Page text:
And if that is correct, where is the benefit of FETCH FIRST - beside that maybe not that much data is transferred (maybe only interesting if you use Derby not by the Embedded Driver because of the TCP/IP connection)?

 

 

Regards,

Gerrit

 

Hi Gerrit,

Can you share table and index DDL for this problem as well as the query plan which Derby chose for the query? See the section on "Working with RunTimeStatistics" in the Derby Tuning Guide: http://db.apache.org/derby/docs/10.14/tuning/index.html

It may be that Derby did not choose the index. That in turn, may have happened for 2 reasons:

1) You're selecting all of the columns in the table and there is no filtering WHERE clause. That reduces the likelihood that Derby will pick an indexed access path since the optimizer sees this as a full table scan.

2) I don't think that any optimizer support was built for the FETCH FIRST clause. That's worth filing a performance bug for. I think that the FETCH FIRST clause is only applied at execution time in order to short-circuit the number of rows which are returned.

Thanks,

-Rick

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Re: AW: Derby Scheduler and FETCH FIRST question

Rick Hillegas-3
Hi Gerrit,

Some responses inline...

On 1/26/18 12:50 AM, [hidden email] wrote:

Hello Rick,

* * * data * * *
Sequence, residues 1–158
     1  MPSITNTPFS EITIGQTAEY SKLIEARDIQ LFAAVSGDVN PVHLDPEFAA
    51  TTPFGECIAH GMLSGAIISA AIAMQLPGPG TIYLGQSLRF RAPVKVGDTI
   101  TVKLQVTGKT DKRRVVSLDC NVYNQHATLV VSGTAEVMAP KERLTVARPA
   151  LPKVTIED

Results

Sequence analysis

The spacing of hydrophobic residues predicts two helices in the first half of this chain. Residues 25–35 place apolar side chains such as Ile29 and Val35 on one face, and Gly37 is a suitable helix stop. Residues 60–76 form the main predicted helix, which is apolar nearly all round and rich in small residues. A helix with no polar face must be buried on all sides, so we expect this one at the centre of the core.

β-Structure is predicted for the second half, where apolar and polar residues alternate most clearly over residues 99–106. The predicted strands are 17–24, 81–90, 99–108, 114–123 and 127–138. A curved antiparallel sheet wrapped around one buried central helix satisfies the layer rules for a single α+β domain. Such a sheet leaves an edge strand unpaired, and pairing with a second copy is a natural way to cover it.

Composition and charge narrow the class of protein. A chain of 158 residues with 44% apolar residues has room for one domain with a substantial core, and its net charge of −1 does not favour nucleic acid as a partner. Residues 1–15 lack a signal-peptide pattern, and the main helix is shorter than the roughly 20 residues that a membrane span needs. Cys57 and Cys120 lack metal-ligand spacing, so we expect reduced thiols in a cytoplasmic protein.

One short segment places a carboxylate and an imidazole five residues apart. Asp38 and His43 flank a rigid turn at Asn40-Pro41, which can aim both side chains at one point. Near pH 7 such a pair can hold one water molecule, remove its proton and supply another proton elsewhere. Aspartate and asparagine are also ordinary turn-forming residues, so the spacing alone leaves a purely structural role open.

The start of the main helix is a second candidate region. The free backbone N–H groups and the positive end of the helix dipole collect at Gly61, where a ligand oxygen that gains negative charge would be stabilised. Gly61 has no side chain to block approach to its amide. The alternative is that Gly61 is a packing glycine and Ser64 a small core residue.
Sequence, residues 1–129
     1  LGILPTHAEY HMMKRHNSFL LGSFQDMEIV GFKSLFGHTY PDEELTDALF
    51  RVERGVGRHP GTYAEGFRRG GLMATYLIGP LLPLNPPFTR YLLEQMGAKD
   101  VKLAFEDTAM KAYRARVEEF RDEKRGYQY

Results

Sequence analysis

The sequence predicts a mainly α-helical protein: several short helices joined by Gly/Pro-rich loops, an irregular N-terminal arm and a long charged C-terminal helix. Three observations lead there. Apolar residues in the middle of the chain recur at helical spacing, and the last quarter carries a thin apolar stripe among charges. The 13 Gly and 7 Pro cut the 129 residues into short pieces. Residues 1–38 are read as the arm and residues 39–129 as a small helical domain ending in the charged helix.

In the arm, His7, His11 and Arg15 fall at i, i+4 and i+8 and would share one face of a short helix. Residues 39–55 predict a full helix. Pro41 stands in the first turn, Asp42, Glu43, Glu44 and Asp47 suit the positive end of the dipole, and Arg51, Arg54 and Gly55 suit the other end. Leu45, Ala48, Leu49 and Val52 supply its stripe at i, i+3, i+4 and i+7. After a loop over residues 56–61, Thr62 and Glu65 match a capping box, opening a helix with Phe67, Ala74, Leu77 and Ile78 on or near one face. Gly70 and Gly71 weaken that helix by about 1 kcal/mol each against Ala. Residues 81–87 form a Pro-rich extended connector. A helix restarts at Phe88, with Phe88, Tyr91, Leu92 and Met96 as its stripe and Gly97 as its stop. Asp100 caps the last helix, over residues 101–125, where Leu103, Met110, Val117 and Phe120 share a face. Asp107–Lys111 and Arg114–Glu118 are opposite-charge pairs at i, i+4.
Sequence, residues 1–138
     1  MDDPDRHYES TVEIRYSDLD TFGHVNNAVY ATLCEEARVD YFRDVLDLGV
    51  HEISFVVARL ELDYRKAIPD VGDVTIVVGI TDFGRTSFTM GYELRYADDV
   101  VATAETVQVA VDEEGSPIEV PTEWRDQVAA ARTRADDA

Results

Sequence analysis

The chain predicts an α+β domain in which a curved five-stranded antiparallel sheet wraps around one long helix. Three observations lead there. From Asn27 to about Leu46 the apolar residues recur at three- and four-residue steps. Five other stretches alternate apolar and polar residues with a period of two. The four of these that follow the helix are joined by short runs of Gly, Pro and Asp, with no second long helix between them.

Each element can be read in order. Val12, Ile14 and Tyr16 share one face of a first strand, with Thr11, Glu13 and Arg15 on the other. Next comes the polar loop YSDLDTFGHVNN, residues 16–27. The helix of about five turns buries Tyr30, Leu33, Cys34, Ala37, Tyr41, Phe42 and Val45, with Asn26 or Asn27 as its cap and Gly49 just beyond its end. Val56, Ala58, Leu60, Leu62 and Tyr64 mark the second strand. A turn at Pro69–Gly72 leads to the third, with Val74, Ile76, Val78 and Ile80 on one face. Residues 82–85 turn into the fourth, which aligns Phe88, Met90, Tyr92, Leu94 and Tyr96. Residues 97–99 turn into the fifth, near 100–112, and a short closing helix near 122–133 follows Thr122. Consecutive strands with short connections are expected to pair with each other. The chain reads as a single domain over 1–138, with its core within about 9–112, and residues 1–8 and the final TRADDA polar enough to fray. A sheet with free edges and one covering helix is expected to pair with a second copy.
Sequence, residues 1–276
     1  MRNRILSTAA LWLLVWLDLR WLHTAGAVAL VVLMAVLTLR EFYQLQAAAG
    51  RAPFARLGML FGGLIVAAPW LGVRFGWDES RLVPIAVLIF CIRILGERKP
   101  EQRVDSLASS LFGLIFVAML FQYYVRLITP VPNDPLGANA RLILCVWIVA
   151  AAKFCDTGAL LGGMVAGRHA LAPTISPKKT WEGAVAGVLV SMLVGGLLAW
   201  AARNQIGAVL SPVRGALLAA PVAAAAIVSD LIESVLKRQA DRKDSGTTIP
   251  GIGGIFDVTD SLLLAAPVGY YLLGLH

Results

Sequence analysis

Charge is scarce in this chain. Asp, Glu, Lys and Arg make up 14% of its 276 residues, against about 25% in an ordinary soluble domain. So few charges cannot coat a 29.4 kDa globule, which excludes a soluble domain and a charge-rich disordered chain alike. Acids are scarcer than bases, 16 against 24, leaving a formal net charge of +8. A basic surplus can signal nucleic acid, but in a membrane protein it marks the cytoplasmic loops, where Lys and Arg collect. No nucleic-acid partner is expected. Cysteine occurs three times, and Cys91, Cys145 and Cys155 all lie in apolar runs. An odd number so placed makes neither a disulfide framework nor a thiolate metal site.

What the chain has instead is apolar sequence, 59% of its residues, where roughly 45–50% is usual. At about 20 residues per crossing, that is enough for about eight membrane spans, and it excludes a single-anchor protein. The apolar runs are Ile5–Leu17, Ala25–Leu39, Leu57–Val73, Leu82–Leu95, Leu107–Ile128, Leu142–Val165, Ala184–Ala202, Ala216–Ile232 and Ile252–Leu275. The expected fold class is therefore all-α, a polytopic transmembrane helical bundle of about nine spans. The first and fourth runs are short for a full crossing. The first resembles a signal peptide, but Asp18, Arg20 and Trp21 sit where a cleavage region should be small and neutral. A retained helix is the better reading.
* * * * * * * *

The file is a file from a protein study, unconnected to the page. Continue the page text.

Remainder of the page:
me again. As we had a blackout of our Internet connection I had some unexpected time. ;-)

So I tried the analysis of Derby:

 

CALL SYSCS_UTIL.SYSCS_SET_RUNTIMESTATISTICS(1)

CALL SYSCS_UTIL.SYSCS_SET_STATISTICS_TIMING(1)

SELECT * FROM history ORDER BY timestamp DESC FETCH FIRST 10 ROWS ONLY

VALUES SYSCS_UTIL.SYSCS_GET_RUNTIMESTATISTICS()

CALL SYSCS_UTIL.SYSCS_SET_RUNTIMESTATISTICS(0)

CALL SYSCS_UTIL.SYSCS_SET_STATISTICS_TIMING(0)

 

The result of the "VALUES" command was:

 

> 1                                                  

> ----------------------------------------------------

> Statement Name: \n null\nStatement Text: \n            SELECT 

This is indeed not what you'd expect. The output has been truncated by the default display width for the ij tool. You need to set MAXIMUMDISPLAYWIDTH to something very large. Here's an example of how to do this:

ij version 10.15
ij> connect 'jdbc:derby:memory:db;create=true';
ij> create table foo( a int );
0 rows inserted/updated/deleted
ij> MAXIMUMDISPLAYWIDTH 7000;
ij> CALL SYSCS_UTIL.SYSCS_SET_RUNTIMESTATISTICS(1);
0 rows inserted/updated/deleted
ij> CALL SYSCS_UTIL.SYSCS_SET_STATISTICS_TIMING(1);
0 rows inserted/updated/deleted
ij> select count(*)  from foo where a <> 0;
1         
-----------
0         

1 row selected
ij> values SYSCS_UTIL.SYSCS_GET_RUNTIMESTATISTICS();
1